Sarcasm is employed in the narration of Chapter I with the discussion of the attempted escape from France by the aristocrats. [Examples are italicized.]
The author, Baronness Emmuska Orczy, an aristocrat herself, describes with sarcasm the macabre enjoyment of the people who watch as the aristocrats, who have been labeled as "traitors to the people" after the Revolution, attempt to flee the country and escape the guillotine. This treatment of the sadistic enjoyment of the peasants is certainly ironic (sarcastic) and intended by Orczy to mock the formerly oppressed peasants, who now themselves become the oppressors.
The "fun" begins when Sergeant Bibot, who has a "wonderful nose for scenting an aristo in the most perfect disguise," does not immediately arrest the aristocrats, but instead toys with them as a cat often plays with a mouse before killing and eating it. This "keen sense of humor" amuses the crowd who stand near the barricades and watch as Bibot often lets his "prey" past the gates in order to make them think they have made their escape. Soon, however, the aristocrat is marched back. To the people this is "extremely funny" because, often as not, the prisoner is a woman, "some proud marchioness, who looked terribly comical" as she has been stripped of her disguise and realizes that she will receive but a summary trial and after this, she will feel "the fond embrace of Madame la Guillotine."
Every day Bibot has the distinct "satisfaction" of apprehending royalists and returning them to the Committee of Public Safety that is presided over by "that good patriot" Citoyen [Citizen] Foucquier-Tinville. But, there is one man who somehow slips past the watchful eyes of the guards. He is an Englishman, the "accursed Scarlet Pimpernel" who cleverly escapes by disguising himself in the most unsuspected personas. Boasting that he would never be so foolish as to let this Englishman go past him, Bibot tells the crowd of one daring escape which cost a guard the punishment of the guillotine. It seems there was a daring escape in which the Scarlet Pimpernel was dressed as a guard and the aristocrats as soldiers while a harmless cart passed out of the city. Hearing this, the crowd becomes silent.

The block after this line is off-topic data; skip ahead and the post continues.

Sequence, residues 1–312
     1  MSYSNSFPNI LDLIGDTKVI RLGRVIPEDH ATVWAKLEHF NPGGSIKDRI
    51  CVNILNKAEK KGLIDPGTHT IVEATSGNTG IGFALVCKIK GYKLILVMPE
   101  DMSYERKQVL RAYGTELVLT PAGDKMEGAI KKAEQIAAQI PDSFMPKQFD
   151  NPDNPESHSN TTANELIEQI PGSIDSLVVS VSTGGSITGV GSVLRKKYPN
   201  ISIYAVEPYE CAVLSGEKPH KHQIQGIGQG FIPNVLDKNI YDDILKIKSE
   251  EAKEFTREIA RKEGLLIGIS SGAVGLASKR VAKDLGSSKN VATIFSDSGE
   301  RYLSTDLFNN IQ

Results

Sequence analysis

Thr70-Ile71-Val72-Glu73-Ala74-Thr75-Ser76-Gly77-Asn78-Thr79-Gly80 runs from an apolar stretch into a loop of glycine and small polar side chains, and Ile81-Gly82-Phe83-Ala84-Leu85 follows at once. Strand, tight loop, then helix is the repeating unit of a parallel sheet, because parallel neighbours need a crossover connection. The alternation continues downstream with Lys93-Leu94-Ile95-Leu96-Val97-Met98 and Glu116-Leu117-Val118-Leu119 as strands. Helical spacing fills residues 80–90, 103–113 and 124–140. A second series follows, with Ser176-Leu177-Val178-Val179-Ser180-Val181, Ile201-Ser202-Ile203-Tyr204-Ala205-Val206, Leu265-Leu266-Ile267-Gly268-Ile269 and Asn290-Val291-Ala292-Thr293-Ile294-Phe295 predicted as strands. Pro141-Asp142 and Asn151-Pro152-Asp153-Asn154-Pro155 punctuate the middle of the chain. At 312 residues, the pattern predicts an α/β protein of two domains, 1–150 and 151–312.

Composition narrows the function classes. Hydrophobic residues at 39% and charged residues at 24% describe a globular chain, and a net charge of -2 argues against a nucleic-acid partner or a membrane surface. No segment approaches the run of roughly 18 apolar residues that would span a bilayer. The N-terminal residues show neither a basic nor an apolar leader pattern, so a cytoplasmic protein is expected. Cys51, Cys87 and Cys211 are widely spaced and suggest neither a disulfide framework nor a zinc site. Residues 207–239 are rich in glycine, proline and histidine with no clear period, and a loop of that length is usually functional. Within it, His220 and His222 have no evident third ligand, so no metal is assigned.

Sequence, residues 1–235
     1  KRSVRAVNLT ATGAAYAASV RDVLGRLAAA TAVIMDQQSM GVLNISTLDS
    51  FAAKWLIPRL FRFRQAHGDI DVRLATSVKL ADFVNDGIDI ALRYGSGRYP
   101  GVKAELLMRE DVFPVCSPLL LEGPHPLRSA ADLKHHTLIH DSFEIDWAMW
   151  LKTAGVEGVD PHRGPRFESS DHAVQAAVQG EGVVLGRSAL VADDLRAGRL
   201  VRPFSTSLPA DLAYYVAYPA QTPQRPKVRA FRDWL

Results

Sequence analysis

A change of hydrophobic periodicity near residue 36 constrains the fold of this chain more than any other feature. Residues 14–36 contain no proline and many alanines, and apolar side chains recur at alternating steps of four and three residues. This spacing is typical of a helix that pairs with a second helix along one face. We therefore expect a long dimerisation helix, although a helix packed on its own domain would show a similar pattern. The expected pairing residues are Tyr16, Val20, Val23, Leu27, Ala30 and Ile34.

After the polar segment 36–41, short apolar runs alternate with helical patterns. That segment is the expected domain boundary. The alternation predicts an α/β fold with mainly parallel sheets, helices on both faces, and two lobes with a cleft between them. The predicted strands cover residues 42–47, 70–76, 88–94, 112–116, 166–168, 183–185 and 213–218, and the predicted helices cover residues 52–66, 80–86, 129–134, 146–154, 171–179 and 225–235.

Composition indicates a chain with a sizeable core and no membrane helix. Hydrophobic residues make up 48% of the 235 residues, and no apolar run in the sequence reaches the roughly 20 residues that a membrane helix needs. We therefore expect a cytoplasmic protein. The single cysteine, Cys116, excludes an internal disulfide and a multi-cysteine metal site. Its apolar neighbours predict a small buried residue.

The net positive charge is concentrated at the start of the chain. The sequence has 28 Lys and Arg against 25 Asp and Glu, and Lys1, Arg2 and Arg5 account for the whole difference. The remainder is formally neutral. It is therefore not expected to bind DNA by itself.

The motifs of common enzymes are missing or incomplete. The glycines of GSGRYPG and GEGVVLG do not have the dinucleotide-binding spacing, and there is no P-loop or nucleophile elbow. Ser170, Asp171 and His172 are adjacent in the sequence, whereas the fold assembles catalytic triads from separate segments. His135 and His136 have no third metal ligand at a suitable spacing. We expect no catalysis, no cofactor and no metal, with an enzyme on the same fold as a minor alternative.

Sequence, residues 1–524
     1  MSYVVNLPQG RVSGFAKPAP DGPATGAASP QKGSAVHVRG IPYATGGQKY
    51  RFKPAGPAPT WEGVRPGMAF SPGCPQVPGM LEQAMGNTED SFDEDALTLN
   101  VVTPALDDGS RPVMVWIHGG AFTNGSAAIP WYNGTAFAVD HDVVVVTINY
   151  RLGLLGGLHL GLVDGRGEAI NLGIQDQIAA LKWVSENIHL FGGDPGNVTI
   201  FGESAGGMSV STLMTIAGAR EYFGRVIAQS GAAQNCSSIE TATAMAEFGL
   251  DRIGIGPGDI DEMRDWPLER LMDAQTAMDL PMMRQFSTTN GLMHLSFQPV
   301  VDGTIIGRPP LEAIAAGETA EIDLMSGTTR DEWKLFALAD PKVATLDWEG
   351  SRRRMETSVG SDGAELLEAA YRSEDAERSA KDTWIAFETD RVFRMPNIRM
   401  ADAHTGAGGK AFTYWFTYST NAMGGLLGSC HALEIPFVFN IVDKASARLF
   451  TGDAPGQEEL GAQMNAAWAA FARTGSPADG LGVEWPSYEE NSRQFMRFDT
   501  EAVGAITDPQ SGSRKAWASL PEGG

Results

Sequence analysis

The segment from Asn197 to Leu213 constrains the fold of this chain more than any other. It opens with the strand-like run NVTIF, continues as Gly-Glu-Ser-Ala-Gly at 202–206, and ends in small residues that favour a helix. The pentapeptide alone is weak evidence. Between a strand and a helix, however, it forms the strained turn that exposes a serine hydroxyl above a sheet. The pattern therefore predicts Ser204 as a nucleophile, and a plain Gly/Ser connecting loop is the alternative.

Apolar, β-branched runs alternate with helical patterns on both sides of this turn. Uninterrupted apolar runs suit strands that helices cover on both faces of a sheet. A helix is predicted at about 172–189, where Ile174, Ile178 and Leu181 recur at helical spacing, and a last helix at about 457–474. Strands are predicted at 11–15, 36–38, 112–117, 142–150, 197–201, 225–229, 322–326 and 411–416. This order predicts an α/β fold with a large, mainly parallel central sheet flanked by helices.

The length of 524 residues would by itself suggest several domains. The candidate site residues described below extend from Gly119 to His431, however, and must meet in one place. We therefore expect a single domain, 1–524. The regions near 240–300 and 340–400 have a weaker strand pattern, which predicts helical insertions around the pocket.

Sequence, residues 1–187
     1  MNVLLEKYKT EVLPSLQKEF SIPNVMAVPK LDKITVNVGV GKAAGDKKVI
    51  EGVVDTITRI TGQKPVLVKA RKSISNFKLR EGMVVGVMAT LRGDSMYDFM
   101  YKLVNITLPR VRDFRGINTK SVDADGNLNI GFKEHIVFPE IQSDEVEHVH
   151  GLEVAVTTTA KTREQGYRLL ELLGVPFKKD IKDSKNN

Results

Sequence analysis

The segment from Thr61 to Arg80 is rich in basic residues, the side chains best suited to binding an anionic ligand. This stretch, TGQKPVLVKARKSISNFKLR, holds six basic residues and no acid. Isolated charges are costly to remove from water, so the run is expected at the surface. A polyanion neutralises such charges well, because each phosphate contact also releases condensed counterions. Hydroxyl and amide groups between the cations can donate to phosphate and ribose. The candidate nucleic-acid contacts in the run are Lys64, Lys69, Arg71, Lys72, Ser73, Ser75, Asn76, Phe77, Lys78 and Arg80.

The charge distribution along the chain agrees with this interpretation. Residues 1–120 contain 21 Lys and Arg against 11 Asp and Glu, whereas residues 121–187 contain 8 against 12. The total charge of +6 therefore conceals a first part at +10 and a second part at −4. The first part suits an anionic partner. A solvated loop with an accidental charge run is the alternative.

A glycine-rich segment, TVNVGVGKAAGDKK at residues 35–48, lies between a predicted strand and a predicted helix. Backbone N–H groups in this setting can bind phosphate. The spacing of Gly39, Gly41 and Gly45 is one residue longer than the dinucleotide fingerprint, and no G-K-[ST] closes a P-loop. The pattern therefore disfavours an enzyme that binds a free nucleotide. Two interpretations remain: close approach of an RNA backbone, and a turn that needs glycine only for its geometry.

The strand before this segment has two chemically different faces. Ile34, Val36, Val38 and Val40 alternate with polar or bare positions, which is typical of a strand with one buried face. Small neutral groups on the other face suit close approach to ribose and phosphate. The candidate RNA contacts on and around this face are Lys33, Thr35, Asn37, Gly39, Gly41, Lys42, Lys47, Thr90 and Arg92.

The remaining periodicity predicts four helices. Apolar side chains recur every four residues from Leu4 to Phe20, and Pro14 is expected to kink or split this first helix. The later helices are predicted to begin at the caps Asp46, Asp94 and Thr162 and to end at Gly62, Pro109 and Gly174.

The story savored of the supernatural, and though the Republic had abolished God, it had not quite succeeded in killing the fear of the supernatural in the hearts of the people.
But, further sarcasm comes at the expense of Bibot, who has previously ridiculed the guard deceived by the Scarlet Pimpernel. For, it seems that Bibot has let pass a cart driven by "an old hag" who has told him that her son has had the plague so that he would not wish to be near her or the cart. Ironically, this cart has been allowed by Bibot to pass through with aristocrats hidden in it. And, the "old hag" has been none other than the "accursed Englishman" himself.